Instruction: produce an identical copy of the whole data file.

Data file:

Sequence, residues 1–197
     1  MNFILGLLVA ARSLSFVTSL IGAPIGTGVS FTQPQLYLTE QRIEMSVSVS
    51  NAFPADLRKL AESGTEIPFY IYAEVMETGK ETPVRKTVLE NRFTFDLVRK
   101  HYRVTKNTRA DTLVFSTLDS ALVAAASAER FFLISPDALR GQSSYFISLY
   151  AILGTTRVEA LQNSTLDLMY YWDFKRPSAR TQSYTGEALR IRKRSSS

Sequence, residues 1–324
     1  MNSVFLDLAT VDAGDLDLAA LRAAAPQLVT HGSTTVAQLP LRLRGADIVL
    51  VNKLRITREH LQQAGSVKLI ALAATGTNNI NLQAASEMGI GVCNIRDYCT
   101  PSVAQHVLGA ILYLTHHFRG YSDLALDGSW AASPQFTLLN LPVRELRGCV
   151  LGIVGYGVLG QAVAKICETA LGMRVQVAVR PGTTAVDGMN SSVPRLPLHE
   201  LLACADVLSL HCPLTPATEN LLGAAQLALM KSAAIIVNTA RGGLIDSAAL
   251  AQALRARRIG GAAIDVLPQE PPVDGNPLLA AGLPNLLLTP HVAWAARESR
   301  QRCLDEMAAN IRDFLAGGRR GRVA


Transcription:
Sequence, residues 1–197
     1  MNFILGLLVA ARSLSFVTSL IGAPIGTGVS FTQPQLYLTE QRIEMSVSVS
    51  NAFPADLRKL AESGTEIPFY IYAEVMETGK ETPVRKTVLE NRFTFDLVRK
   101  HYRVTKNTRA DTLVFSTLDS ALVAAASAER FFLISPDALR GQSSYFISLY
   151  AILGTTRVEA LQNSTLDLMY YWDFKRPSAR TQSYTGEALR IRKRSSS

Sequence, residues 1–324
     1  MNSVFLDLAT VDAGDLDLAA LRAAAPQLVT HGSTTVAQLP LRLRGADIVL
    51  VNKLRITREH LQQAGSVKLI ALAATGTNNI NLQAASEMGI GVCNIRDYCT
   101  PSVAQHVLGA ILYLTHHFRG YSDLALDGSW AASPQFTLLN LPVRELRGCV
   151  LGIVGYGVLG QAVAKICETA LGMRVQVAVR PGTTAVDGMN SSVPRLPLHE
   201  LLACADVLSL HCPLTPATEN LLGAAQLALM KSAAIIVNTA RGGLIDSAAL
   251  AQALRARRIG GAAIDVLPQE PPVDGNPLLA AGLPNLLLTP HVAWAARESR
   301  QRCLDEMAAN IRDFLAGGRR GRVA